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On the UN’s International Day for the Elimination of Violence Against Women, We Speak with Four Women Working for Women’s Human Rights Around the World: A Palestinian Israeli Professor, a Somalian Hum

StoryNovember 25, 2002
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Over the summer, four women were killed by their soldier-husbands stationed at Fort Bragg. Three of the soldiers were members of the Special Forces and had recently returned from fighting in Afghanistan. Lawyers, psychologists and other experts say this reflects a growing problem of domestic violence in the military.

Every 15 seconds a woman is battered in the United States.

Every 23 seconds a woman is raped in South Africa.

Every minute in the United Kingdom police receive a call for assistance in situations of domestic violence.

Almost half of all women in Bangladesh have been physically abused.

Today is the United Nations’ International Day for the Elimination of Violence Against Women. We’re joined in the studio by four leaders in the struggle to eliminate violence against women.

On this day in 1960, three sisters from the Dominican Republic were violently assassinated. They had been outspoken political activists against the US-backed dictator Rafael Trujillo.

The assassination shocked and enraged the nation and helped propel the anti-Trujillo movement. Within a year, the dictatorship came to an end.

The sisters became known as the “Unforgettable Butterflies” and have become a symbol of both popular and feminist resistance. Their assassination inspired author Julia Alvarez to write her novel, “In the Time of the Butterflies.” Latin American feminists declared November 25th an international day to end violence against women in the 1980s. The U.N. recognized the day in 1999.

All four of our guests will be participating in a special event called “Not A Minute More”, organized by the United Nations Development Fund for Women (UNIFEM).

This will include presentations highlighting effective strategies to combat violence against women. It will take place at Dag Hammarskjöld Auditorium at the United Nations, 1st Avenue and 42nd Street, from 1:00 ­ 2:30pm today.


  • Nadera Shalhoub-Kevorkian, professor of criminology at Hebrew University, Jerusalem, and project director at the Women’s Centre for Legal Aid and Counseling (WCLAC), a key resource in the West Bank and Gaza for the defense of the legal and social rights of Palestinian women. She works extensively on intervention models and strategies to assist female victims to cope with abuse, and is known for her activism against femicide. She is currently working with the United Nations Development Fund for Women (UNIFEM) on a project to sensitize officials in the criminal justice system in Palestine and Jordan to deal effectively with cases of sexual abuse.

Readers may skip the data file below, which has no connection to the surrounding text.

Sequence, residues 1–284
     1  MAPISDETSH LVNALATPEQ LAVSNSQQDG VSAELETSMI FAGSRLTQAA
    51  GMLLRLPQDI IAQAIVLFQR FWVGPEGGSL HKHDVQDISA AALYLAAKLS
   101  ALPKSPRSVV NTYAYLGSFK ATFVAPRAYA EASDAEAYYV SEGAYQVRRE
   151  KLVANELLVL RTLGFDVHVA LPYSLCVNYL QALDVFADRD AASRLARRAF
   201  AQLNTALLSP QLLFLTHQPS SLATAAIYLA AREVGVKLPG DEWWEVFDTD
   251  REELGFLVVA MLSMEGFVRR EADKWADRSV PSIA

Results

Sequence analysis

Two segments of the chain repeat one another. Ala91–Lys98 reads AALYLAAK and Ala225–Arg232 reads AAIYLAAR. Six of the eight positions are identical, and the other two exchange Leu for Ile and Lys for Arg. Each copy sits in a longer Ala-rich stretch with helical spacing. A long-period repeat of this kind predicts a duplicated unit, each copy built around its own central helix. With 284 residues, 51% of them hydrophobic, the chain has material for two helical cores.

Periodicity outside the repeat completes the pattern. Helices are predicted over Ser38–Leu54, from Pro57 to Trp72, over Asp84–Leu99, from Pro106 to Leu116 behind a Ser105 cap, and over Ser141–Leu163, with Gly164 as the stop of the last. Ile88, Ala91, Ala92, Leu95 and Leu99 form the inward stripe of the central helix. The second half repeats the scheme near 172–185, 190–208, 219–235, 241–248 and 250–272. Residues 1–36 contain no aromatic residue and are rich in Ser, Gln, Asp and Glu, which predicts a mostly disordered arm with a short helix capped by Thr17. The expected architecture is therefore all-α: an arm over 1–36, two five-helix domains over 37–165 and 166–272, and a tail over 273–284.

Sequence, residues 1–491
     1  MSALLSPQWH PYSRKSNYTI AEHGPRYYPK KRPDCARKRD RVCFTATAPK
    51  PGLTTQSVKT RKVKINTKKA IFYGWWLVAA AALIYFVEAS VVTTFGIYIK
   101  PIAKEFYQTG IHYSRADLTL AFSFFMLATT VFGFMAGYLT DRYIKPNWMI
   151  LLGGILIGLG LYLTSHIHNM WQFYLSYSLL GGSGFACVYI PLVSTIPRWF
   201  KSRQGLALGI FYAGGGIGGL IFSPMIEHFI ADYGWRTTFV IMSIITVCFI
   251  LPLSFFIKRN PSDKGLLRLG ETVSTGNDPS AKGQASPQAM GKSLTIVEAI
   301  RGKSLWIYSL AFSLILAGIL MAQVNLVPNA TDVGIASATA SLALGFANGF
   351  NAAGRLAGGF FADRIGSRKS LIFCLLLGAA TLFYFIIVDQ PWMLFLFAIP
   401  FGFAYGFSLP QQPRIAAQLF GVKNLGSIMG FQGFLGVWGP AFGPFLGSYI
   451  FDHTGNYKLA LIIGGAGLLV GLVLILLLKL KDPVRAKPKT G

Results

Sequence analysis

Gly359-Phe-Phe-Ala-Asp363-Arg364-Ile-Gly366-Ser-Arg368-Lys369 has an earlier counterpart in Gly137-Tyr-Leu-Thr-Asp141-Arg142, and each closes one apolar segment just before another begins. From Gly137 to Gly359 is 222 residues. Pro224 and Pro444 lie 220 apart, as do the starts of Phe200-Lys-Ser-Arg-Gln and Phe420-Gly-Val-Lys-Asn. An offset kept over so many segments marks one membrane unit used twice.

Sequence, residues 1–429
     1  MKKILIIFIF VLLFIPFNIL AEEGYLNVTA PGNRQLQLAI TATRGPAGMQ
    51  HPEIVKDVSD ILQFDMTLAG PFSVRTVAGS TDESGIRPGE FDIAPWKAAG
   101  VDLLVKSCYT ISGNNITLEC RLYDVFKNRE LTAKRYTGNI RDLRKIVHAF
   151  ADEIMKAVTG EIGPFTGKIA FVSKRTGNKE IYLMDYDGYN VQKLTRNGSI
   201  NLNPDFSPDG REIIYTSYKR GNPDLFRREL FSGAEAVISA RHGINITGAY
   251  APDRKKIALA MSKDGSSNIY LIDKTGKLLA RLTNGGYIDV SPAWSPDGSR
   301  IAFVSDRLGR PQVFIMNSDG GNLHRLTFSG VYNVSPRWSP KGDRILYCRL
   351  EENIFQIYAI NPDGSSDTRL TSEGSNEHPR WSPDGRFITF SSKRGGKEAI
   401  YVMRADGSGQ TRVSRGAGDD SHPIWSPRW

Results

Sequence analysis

• Archana Ramasundaram: At a young age, Ms Ramasundaram made an uncommon career decision and joined the Indian Police Service. More than 2 decades later, she is now Joint Director of the Central Bureau of Investigation, and committed more than ever to ending discrimination against women. She has worked personally with numerous victims of violence, focusing on the protection of women’s rights, sensitization of the authorities, and just punishment for crimes of violence. Ms Ramasundaram holds degrees in economics and criminology, and was awarded the Indian President’s Police Medal for Meritorious Service in 1995.
  • Rakiya Omaar, a Somali human rights activist, Omaar is director of African Rights, an NGO working to bring the voices of violence survivors to the center of the human rights debate. Omaar is currently working with UNIFEM on a project documenting the experiences of rape victims of the Rwandan genocide, who live with HIV/AIDS. A leading figure in human rights and justice issues in Africa, Omaar has written extensively on the atrocities in Rwanda. Her book, 'Rwanda: Death, Despair, and Defiance', is the earliest detailed account of the 1994 genocide, and the first attempt to document the harrowing evidence of physical and psychological horrors inflicted upon Rwandan women.
  • Doris Solis Corrion, Vice Mayor of the municipality of Cuenca, Ecuador. She was instrumental in instituting Cuenca’s Equal Opportunities Plan, which provides for gender mainstreaming in all areas of Cuenca’s public policy. The plan includes strengthening the system of sociological, legal, and health services for battered women, education and sensitization campaigns for law-enforcement agencies, and drafting of municipal laws committing local government to eradicating violence. Prior to her term as Vice Mayor, Ms. Solís Carrión was Executive Director of the NGO, SENDAS (Servicios para un Desarrollo Alterbativo del Sur) as well as co-founder of the program of gender studies at the University of Cuenca. She is the author of numerous articles and publications on gender and development in Latin America.

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